The Phosphorite War ( Estonian : Fosforiidisõda ) is the name given to a late-1980s environmental campaign in the then- Estonian Soviet Socialist Republic , against the opening of large phosphorite mines in the Virumaa region. The movement, peaking in 1987, was successful in achieving its immediate goals, but also in encouraging and strengthening the nationalist movement to the restoration of Estonian independence in 1991.   In Estonia it is considered as a catalyst to the destabilization and dissolution of the Soviet regime. 
The campaign focused on two major issues. The broad-scale environmental degradation that the new mines would cause was most common in the public discussion. The other, more covert issue of the new mines’ need for a workforce would start a wave of migration, bringing together the Soviet Union to Estonia. In the view of Estonians, it is believed that this is a fragile demographic balance  (the share of Estonians in Estonia dropped from about 97% immediately after World War II to 61.5% in 1989  ).
Background and early developments
Phosphorite deposits ( Obolus sandstone at the Lower Cambrian / Lower Ordovician boundary) are found in several places in Northern Estonia.  The Rakvere deposit, lying mostly in Lääne-Viru County , is the largest phosphorite deposit in Europe.  Phosphorite mining in Estonia started in 1924 near Maardu . In 1940 a new large mine was opened, which together with a low-grade phosphorus fertilizer production factory operated until late 1991, causing several environmental problems in the area.  Currently no phosphorite is mined in Estonia and is not considered economically viable.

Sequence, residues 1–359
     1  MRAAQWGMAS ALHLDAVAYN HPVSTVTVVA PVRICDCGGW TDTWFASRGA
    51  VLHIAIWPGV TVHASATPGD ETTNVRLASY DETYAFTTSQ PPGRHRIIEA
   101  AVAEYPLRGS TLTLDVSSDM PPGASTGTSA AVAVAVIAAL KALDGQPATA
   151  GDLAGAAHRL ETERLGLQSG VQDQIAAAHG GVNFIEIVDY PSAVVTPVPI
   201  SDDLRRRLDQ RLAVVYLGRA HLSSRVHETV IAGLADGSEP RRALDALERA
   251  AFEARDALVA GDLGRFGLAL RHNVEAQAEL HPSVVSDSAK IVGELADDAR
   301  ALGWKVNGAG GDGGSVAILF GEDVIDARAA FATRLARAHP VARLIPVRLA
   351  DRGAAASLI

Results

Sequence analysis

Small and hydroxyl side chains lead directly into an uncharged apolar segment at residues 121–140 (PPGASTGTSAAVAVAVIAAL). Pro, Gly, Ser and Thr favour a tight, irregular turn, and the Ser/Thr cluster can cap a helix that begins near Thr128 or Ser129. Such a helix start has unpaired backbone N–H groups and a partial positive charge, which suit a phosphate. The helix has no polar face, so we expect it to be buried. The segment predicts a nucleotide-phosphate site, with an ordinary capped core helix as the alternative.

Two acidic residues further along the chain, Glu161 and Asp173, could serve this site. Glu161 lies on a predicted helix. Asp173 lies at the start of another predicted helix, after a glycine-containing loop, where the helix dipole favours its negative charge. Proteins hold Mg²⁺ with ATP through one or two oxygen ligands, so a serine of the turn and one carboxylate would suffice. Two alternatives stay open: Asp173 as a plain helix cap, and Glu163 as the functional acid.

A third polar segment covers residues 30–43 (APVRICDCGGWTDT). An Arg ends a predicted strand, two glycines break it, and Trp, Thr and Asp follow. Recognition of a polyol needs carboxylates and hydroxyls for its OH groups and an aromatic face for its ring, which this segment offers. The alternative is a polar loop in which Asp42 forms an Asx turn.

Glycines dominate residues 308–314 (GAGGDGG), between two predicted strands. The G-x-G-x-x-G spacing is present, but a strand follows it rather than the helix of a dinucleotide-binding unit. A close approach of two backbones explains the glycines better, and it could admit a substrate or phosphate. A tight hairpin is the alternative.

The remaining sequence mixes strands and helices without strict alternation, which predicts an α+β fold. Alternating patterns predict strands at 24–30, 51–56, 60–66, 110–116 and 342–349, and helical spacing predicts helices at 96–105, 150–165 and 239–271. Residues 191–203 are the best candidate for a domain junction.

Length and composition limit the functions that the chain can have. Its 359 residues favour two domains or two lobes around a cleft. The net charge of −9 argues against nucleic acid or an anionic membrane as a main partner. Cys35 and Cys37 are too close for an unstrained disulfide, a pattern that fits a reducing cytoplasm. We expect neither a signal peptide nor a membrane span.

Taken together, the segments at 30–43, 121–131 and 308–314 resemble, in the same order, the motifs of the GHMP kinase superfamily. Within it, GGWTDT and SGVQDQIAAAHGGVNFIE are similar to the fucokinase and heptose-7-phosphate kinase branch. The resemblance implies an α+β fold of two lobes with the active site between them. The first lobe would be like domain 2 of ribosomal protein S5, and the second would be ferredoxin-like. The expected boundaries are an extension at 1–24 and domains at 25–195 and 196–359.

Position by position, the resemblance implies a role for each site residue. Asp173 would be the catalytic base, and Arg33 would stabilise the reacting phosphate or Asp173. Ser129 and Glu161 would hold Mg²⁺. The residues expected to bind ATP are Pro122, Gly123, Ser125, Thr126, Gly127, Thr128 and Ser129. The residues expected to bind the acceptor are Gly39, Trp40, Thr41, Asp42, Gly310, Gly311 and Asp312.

The central government of the Soviet Union in Moscow brought about the exploitation of phosphorus deposits in Lääne-Viru County in the early 1970s.  The first proposals suggested mining the Toolse deposit (north of Rakvere ), but in the early 1980s, plans for the Toolse mine were cast aside and instead mined at the Rakvere. The plans were not made public, but among Estonian scientists and environmentalists involved in the decision making had been considerable opposition to the plans since the early stages. Notably, there were people in the Estonian Academy of Sciences , like Endel Lippmaa , who were aware of and opposed to the plans. 
The phosphorite is now known to the general public on 25 February 1987, which is often used to mark the beginning of the Phosphorite War.  On this day Moscow’s plans to expand phosphorite mining in northern Estonia were revealed on Estonian TV .  Although the Estonian Communist Party held a position that the decision had been made by Estonians, it had been finalized. 
Numerous protests broke out and petitions were signed against the new mines.  The question came to a head in spring 1987 in an unprecedented public debate.  In April, Tartu Universityheld a meeting in the main hall of the university and unanimously condemned the actions of the leadership of the Estonian SSR.  At traditional May Day demonstrations, Phosphorite mining and wore yellow with Phosphorite – no thanks, which becomes extremely popular. 
On May 8 by Priit Pärn was published in the newspaper Sirp ja Vasar (Hammer and Sickle). Entitled Just shit ( Estonian : Sitta kah! ), The cartoon showed a peasant shoveling on his field a piece of manure shaped like Estonia. The most famous cartoon ever published in Estonia.   Following these and other occurrences and facing the general opposition to the mines, in September 1987 the Soviet authorities had to back down from their plans.  The end of the Phosphorite War is hard to define, but the movement mostly calmed down during 1988. 
Regarding the Estonian Independence Movement, the unintended consequences of the campaign are of similar importance to the immediate outcome.  The Phosphorite War activated the Estonian masses,  gave rise to the belief in the power of collective action  and was an important factor in the disappearance of fear of the regime.  Overall, it acted as a catalyst for the destabilization of the Soviet government in Estonia. 
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